Gene expression analysis of Giardia trophozoites under cysteine-ascorbate deprivation

To understand the effect of cysteine-ascorbate deprivation stress in transcriptional regulation of gene expression in G. lamblia, we performed a time course analysis of transcriptional regulation of pyruvate metabolism pathway under CAD medium stress using a quantitative RT-PCR. We have chosen 6 genes, related to the pyruvate metabolism of G. lamblia modulated by at least 2 folds at one or more time points in response to cysteine-ascorbate deprivation (Fig. 7).
In our study, we have shown that arginine deiminase (ARGD)-encoding gene was up-regulated in Giardia trophozoites during CAD medium stress. It suggests that Giardia needs energy to continue the process of stress management for its survival. In G. lamblia, pyruvate can be produced by 3 different pathways. Malate dehydrogenase (MDH) gene was up regulated at one or more time points upon cysteine-ascorbate deprivation. The gene showed a maximum induction at 6th hour of cysteine-ascorbate deprivation to maintain the pyruvate concentration at intracellular milieu. In response to cysteine-ascorbate deprivation pyruvate kinase remained down-regulated after 4th hour time points. The enzyme acetyl-CoA synthase transcript was up-regulated during CAD medium stress and increased the production of acetate, a lipid radical scavenger.
In our study, pyruvate ferredoxin oxidoreductase (PFOR)-encoding gene was down-regulated under CAD medium stress and reduced the conversion from acetyl-coA to acetate. However, cysteine-ascorbate deprivation has been observed to significantly harmonize the metabolic flux across the pyruvate metabolism in G. lamblia.


The present study reveals that pyruvate administration protects Giardia trophozoites against the cytotoxicity induced by CAD medium. It was previously stated that CAD medium produces ROS in Giardia. To establish its pathogenesis, Giardia has to build up an antioxidant protective mechanism.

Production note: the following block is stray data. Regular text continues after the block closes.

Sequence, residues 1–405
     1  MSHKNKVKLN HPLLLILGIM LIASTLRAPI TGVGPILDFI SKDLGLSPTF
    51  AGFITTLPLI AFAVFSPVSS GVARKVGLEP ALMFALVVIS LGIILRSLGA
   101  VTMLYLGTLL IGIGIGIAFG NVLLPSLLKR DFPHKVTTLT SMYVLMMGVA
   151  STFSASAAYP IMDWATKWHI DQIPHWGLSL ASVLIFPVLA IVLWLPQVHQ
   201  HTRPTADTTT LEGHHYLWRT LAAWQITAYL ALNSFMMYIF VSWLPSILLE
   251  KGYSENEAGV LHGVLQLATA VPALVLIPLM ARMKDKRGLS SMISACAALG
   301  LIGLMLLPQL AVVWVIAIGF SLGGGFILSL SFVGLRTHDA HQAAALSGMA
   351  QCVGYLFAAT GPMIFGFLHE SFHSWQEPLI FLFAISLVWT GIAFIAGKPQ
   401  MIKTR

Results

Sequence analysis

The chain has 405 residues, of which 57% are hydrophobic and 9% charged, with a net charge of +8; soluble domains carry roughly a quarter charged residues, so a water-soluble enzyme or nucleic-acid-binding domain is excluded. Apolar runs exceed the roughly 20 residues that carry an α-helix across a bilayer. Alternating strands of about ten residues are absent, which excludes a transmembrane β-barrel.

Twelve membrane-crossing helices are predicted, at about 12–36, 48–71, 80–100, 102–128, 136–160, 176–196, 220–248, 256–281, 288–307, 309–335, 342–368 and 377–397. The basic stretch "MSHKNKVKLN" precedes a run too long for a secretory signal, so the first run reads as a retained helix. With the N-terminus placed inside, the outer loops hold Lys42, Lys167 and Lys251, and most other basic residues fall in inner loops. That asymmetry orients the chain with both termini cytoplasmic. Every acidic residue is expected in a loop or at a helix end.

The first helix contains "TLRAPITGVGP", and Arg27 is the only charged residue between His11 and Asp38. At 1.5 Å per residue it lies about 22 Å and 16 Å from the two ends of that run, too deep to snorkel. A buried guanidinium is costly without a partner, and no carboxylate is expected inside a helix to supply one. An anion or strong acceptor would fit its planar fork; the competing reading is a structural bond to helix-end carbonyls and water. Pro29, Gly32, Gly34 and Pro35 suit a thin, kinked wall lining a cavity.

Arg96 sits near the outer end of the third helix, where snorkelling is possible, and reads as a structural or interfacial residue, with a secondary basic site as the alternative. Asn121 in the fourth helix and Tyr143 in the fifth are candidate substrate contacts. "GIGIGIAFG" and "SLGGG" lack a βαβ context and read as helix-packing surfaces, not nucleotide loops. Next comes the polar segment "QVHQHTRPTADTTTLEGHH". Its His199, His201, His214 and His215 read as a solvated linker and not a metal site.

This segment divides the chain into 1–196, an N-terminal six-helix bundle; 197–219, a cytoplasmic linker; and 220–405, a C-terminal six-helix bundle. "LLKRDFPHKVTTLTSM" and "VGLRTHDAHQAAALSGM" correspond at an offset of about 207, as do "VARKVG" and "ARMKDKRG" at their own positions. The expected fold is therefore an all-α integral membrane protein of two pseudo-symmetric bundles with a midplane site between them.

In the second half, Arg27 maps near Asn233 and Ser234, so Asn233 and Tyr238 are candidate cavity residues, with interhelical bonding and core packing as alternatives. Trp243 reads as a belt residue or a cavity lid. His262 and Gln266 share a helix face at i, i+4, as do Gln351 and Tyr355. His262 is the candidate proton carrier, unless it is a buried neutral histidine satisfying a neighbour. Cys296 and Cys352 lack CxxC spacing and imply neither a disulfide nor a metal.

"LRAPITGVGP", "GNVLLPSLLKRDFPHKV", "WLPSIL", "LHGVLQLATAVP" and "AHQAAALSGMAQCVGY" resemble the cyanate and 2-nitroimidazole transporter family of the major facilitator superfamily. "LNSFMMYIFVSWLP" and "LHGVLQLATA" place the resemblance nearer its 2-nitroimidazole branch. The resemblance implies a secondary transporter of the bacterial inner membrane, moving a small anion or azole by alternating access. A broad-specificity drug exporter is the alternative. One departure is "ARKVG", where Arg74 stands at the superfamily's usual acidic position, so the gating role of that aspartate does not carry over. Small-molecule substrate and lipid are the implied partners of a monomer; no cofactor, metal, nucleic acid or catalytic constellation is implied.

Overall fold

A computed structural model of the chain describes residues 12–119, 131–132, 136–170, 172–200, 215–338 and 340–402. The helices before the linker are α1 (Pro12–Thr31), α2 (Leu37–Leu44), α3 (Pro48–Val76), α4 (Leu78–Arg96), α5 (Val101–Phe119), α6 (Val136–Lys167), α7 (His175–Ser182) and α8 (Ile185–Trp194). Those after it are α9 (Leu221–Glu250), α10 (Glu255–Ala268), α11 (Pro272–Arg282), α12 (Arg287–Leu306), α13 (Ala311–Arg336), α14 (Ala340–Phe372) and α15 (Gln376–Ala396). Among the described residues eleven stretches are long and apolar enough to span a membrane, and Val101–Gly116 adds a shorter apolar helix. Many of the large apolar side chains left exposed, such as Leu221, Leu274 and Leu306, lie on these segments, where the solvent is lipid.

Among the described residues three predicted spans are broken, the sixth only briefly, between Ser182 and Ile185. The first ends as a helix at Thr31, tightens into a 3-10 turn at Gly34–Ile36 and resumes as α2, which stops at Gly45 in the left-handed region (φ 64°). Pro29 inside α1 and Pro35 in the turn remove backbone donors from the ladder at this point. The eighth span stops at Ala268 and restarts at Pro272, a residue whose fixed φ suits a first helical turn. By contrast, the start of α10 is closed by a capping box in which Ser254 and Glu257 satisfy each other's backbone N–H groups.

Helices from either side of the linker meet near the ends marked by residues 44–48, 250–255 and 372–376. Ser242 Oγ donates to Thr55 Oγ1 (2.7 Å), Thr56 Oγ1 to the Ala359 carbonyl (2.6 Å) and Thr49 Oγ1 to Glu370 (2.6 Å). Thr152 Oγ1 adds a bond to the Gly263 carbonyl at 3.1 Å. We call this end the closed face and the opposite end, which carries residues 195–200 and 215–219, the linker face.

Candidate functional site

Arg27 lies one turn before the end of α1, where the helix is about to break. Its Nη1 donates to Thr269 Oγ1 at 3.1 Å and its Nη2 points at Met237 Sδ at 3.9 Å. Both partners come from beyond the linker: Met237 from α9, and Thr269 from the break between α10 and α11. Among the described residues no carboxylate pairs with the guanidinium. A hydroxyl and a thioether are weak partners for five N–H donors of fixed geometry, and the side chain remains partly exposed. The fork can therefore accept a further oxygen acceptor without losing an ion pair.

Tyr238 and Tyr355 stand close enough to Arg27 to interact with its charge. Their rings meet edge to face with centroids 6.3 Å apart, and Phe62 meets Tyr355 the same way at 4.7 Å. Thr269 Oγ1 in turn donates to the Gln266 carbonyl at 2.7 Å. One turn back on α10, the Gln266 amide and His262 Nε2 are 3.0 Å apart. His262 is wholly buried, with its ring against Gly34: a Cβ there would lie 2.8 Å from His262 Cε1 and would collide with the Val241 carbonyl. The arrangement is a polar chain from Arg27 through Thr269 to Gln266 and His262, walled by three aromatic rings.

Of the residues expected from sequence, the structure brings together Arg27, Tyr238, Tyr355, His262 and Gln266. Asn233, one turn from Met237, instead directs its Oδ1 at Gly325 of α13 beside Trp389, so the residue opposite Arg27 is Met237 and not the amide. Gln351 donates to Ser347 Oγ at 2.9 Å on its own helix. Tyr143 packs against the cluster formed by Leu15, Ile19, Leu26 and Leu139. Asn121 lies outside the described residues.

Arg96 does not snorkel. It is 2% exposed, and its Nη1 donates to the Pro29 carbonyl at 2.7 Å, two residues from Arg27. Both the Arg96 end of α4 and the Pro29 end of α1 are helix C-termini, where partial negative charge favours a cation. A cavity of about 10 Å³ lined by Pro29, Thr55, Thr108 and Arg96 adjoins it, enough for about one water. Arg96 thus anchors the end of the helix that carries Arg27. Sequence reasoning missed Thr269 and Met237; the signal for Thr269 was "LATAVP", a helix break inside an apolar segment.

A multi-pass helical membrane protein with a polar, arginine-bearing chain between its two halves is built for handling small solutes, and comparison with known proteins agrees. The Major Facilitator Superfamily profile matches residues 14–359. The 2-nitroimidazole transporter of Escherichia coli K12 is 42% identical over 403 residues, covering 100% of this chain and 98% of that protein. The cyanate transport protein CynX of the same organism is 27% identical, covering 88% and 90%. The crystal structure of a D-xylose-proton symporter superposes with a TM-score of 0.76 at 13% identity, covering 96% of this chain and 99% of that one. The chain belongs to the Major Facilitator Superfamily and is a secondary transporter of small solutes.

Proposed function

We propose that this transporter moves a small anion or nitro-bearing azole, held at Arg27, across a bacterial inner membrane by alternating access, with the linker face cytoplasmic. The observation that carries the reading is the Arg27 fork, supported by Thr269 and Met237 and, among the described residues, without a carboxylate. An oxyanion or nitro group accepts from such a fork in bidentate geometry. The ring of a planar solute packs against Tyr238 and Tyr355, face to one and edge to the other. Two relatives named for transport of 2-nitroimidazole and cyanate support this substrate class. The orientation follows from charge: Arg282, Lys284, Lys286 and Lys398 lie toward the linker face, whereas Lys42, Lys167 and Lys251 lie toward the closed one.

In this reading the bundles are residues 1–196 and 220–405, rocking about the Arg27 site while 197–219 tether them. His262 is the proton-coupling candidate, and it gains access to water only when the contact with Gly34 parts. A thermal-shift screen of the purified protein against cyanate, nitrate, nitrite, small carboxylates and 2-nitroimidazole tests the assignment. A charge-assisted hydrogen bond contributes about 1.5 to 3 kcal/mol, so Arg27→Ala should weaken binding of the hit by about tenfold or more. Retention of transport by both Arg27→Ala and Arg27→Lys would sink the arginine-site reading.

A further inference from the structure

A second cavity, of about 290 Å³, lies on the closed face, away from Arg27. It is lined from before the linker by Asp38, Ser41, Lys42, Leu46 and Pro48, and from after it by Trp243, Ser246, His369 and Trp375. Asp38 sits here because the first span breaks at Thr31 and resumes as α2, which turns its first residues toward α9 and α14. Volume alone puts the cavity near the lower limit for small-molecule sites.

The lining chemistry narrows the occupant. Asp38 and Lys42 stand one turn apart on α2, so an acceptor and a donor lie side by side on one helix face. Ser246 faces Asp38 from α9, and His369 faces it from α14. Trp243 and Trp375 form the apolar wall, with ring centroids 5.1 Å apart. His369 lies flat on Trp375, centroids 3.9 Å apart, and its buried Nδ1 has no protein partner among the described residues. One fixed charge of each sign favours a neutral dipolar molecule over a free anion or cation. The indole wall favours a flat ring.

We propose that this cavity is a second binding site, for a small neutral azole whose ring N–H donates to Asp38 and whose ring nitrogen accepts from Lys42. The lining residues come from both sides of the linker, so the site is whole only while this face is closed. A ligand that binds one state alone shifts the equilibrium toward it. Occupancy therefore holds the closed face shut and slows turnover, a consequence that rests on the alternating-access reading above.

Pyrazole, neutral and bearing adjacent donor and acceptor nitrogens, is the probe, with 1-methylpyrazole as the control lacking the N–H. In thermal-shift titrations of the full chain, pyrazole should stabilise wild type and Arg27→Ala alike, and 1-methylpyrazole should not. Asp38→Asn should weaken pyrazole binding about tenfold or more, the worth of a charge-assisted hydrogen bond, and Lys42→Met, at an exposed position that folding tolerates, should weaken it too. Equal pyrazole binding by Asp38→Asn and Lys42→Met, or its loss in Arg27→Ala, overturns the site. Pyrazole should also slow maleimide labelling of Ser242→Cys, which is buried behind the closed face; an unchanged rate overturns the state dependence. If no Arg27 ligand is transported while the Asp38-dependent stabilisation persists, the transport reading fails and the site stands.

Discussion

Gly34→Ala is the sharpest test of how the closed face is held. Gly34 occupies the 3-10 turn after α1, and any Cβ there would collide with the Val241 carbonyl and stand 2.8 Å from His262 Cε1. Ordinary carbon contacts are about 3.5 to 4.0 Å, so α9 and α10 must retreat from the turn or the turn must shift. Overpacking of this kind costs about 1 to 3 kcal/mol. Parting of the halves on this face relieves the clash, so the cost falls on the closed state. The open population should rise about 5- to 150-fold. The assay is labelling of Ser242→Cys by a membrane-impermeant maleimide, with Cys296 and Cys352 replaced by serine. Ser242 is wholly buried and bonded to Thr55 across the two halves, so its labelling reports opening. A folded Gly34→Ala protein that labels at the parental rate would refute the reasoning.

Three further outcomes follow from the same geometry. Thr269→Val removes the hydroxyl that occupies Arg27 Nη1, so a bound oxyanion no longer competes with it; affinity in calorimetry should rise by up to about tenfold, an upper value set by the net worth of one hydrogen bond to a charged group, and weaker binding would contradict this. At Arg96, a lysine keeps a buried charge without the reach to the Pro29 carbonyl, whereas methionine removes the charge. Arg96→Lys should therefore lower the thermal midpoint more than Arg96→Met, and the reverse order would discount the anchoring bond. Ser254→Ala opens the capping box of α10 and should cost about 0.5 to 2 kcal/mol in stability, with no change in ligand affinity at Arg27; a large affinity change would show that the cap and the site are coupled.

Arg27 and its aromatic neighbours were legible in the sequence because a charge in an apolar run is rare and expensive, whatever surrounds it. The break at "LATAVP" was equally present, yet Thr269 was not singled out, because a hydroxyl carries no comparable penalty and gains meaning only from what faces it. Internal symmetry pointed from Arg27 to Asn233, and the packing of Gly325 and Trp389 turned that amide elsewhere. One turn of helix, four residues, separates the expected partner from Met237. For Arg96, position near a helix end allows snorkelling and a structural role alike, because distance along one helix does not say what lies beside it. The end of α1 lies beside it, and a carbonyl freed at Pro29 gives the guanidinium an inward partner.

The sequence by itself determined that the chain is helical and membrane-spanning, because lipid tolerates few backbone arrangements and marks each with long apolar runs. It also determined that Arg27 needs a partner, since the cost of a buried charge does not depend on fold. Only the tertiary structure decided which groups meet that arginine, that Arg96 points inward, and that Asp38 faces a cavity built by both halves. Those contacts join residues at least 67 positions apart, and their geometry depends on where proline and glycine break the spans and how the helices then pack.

The antioxidant protective effect of α-ketoacids has already been studied both in vitro in several cell types [21] and in vivo in whole organs such as heart [22]. It is well-known that pyruvate nonenzymatically reacts with hydrogen peroxide to produce acetate, CO2, H2O [23]. With the help of the H2DCFDA-based assays, intracellular production of ROS by G. lamblia was monitored [24].
CAD medium produces intracellular ROS in Giardia and the fluorescence was also increased by the addition of synthetic quinone menadione. Our results proved that intracellular generation of ROS was reduced by the supplementation of pyruvate and it also attenuated the menadione induced ROS generation. It was also shown to reduce the generation of total fluorescence arising from the oxidation of the H2DCFDA by spectrofluorometer and may also have acted a direct antioxidant role in Giardia.
The protective effect of pyruvate was reconstructed by several α-ketoacids, which share with pyruvate the ability to react with intracellular ROS; these compounds include mannitol, which is not an energy substrate. We have noticed that pyruvate has a higher capacity to scavenge ROS. It has been reported that elevated ROS production is very much related to a decline in the production of ATP as well as protein synthesis and increase in DNA breakage and lipid peroxidation [25,26].
In trophozoites of Giardia, hydroxyl and super oxide radicals are produced during cysteine-ascorbate deprivation (Fig. 8). These radicals are spreads to the membrane and then initiate membrane lipid peroxidation. Thus, pyruvate, by eliminating hydroxyl and superoxide radical, prevented lipid peroxidation not lipid radicals. It was exciting to observe that acetate showed inhibition of lipid peroxidation, but the key mechanism still remains unknown.
In our present study, it was shown that intracellular pyruvate concentration was found to be increasing and it decreased after several hours. It can be explained by the inactivation of pyruvate: ferredoxin oxidoreductase, an enzyme which is sensitive to oxidative stress. However, it might also result from a metabolic need. Pyruvate concentration can also be increased by the regulation of pyruvate dikinase and malate dehydrogenase that Giardia can produce more pyruvate.
This study has revealed the dynamics of the transcriptional and metabolic regulatory networks during cysteine-ascorbate deprivation. Previously it was reported that transcriptional responses differ in Giardia isolates of different genotypes and revealed higher basic transcript levels of antioxidant genes [27].